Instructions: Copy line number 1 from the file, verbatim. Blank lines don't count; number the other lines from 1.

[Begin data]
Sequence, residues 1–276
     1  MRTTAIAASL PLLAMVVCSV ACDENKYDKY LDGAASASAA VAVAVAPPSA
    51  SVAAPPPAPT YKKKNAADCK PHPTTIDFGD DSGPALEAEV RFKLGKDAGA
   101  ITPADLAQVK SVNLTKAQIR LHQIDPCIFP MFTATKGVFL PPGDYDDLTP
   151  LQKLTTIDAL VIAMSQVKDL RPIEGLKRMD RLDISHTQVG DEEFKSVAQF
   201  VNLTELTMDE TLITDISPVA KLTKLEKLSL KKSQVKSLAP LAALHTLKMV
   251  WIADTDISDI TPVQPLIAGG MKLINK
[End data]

Sequence, residues 1–276